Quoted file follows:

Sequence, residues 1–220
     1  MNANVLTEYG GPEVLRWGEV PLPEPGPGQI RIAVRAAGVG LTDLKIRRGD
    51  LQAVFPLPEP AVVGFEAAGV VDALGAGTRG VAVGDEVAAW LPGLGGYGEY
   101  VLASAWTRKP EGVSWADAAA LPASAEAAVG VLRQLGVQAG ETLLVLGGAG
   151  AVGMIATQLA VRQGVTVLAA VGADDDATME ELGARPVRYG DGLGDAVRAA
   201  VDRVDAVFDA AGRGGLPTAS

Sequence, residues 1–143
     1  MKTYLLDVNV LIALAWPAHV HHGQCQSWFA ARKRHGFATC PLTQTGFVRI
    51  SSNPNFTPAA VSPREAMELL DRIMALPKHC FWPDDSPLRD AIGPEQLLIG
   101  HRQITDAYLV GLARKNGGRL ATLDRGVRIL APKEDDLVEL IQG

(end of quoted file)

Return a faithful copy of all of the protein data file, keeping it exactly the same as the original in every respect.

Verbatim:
Sequence, residues 1–220
     1  MNANVLTEYG GPEVLRWGEV PLPEPGPGQI RIAVRAAGVG LTDLKIRRGD
    51  LQAVFPLPEP AVVGFEAAGV VDALGAGTRG VAVGDEVAAW LPGLGGYGEY
   101  VLASAWTRKP EGVSWADAAA LPASAEAAVG VLRQLGVQAG ETLLVLGGAG
   151  AVGMIATQLA VRQGVTVLAA VGADDDATME ELGARPVRYG DGLGDAVRAA
   201  VDRVDAVFDA AGRGGLPTAS

Sequence, residues 1–143
     1  MKTYLLDVNV LIALAWPAHV HHGQCQSWFA ARKRHGFATC PLTQTGFVRI
    51  SSNPNFTPAA VSPREAMELL DRIMALPKHC FWPDDSPLRD AIGPEQLLIG
   101  HRQITDAYLV GLARKNGGRL ATLDRGVRIL APKEDDLVEL IQG